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Medical School Pass Fail Grading System

I’ve just finished writing my first medical school exam and though the material wasn’t overly difficult, I’m glad it’s done with. A pass is a pass. On to more interesting topics and relevant topics.  It’s safe to say that the honeymoon of medical school is officially over. No more medical school is a “walk in the park.” The sheer amount of memorization is beginning and it doesn’t seem to be stopping anytime soon, if ever.

At first, I was a skeptic of the pass/fail system. The common saying is “What do you call a student who graduates at the bottom of their medical class?” The Answer: “A Doctor!” Wouldn’t a pass fail grading system breed mediocrity. Why would anyone want a surgeon that only answered 75% his medical exam questions correctly? But I’m finding that’s not the case. The type of people that make it into medicine aren’t just motivated by marks alone. We like to learn, tackle challenging problems and push ourselves. The more interesting the materials covered in class, they more inclined we are to study.

The pass fail system ultimately is a good thing for medical students. It reduces competition (backstabbing) in the classroom, unnecessary stress  and reduces an examsmanship approach to learning, where people study with the sole purpose of scoring points. It creates a partnership of trust between classmates and teachers; there is a common goal of quality education. Studies have shown that schools with the pass fail system have better class dynamics and that has been no significant difference found in board scores.

I believe the AMSA sums it up quite nicely when they say, “The type of student who makes it to medical school in the first place—a successful, motivated achiever—will learn in any kind of system; will learn despite the system.”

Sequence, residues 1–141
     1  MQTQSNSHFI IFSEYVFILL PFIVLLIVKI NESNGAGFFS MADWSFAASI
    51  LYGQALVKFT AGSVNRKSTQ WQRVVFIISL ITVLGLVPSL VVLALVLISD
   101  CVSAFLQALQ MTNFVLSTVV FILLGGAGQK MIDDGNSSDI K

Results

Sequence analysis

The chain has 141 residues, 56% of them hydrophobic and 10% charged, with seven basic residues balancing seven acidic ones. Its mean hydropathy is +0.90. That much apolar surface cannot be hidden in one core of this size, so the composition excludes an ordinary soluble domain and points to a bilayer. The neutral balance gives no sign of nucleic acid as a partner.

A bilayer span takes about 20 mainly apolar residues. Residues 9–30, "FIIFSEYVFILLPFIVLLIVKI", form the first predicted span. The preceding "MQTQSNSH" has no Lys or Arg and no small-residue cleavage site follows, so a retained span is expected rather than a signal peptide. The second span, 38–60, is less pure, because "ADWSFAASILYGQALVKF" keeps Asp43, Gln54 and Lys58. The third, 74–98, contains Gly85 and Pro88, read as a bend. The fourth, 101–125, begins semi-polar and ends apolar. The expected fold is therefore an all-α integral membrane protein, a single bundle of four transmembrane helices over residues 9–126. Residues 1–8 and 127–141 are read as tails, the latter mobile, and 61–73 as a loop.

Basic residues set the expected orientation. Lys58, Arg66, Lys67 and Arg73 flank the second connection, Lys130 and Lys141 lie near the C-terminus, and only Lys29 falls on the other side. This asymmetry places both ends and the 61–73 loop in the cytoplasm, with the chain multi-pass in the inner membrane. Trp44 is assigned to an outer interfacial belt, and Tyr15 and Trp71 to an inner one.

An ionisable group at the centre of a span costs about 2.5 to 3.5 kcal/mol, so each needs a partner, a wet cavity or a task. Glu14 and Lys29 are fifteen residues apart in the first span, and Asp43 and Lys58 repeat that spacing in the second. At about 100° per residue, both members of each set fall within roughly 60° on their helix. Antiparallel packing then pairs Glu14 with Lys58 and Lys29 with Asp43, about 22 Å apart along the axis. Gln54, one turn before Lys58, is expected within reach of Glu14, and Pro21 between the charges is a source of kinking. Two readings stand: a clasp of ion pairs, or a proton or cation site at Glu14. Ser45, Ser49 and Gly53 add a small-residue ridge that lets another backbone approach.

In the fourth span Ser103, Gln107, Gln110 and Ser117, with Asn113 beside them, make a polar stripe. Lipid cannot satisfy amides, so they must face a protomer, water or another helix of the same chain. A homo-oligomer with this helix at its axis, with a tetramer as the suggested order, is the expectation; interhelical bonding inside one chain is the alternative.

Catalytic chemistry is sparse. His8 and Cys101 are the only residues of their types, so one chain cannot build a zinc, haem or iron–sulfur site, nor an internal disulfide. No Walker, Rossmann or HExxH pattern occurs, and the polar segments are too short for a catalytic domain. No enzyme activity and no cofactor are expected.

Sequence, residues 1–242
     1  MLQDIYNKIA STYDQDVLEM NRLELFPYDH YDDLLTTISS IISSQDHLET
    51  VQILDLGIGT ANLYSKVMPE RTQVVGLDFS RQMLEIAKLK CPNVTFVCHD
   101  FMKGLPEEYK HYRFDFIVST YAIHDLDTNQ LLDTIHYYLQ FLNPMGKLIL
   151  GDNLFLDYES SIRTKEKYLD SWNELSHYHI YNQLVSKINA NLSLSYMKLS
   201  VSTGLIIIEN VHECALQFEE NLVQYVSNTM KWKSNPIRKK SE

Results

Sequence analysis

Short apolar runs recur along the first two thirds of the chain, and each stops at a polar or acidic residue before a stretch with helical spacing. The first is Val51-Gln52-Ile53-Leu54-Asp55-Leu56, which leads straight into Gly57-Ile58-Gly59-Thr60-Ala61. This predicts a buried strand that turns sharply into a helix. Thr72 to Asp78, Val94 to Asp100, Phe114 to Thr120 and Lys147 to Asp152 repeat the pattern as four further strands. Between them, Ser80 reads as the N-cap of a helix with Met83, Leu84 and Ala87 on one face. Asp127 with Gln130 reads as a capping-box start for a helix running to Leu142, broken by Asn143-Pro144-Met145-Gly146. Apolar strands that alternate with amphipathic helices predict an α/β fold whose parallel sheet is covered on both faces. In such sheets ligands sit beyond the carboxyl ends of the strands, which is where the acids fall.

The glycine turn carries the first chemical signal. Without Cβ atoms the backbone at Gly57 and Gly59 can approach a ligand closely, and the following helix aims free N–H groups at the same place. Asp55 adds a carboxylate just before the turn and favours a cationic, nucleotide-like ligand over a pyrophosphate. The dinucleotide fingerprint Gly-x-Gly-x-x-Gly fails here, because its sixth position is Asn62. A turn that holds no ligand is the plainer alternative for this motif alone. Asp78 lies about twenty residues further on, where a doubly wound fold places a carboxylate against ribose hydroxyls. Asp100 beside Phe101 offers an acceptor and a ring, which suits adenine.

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8 Comments

  1. Bobo
    Bobo June 5, 2009

    Out of curiosity, do P/F med schools still have some kind of ranking system?

  2. medaholic
    medaholic June 7, 2009

    No. At least not one that counts. People more or less know where they stand in the class though. (Class average, median, highest and lowest mark are still known)

  3. resident
    resident June 9, 2011

    this fixation on p/f is one of the problems with med education. what is wrong with failing a student? what is wrong with a grading system that lets students know how proficient they are? barely passing and not knowing it seems worse than knowing percentiles.

    • medaholic
      medaholic June 9, 2011

      @resident – for the record we do know our percentages. We are given a breakdown of our marks, and we know where we rank in our class. There are students who fail.

      The problem with grading system is when it’s used to determined residency matching, etc. This fosters an environment where your classmates is not your colleague but the competition. People will gravitate to not sharing notes/information, not helping each other out, etc etc because it lessens their chance of succeeding.

      I have nothing against knowing my marks and knowing where I am deficient. Our school fails students who are not proficient. I am just against the idea of making a big deal between an 80% on a test, an 85% and a 90%. Especially for a 70 MCQ test, that’s a difference of a few questions. And if it wasn’t a pass/fail system, people would be overreacting and overstressing to those few marks unnecessarily.

  4. Robert
    Robert July 15, 2011

    I agree, pass / fail seems like a better system for medical school. They need to mix in some more business classes as well. I know plenty of doctors who excel in medicine, but struggle in running the business side of their practice.

  5. Nancyshanice
    Nancyshanice November 8, 2011

    i think it is good system of grading if many organizations will adapt the pass fail system then many will be encouraged to learn. i really like it . thanks for sharing. it is great information that needs to be implemented.

  6. Rosa
    Rosa March 24, 2014

    Thanks for this info. I totally agree with the P/F grading. I think it s a great way to make people work more like a team. And Im a team player.

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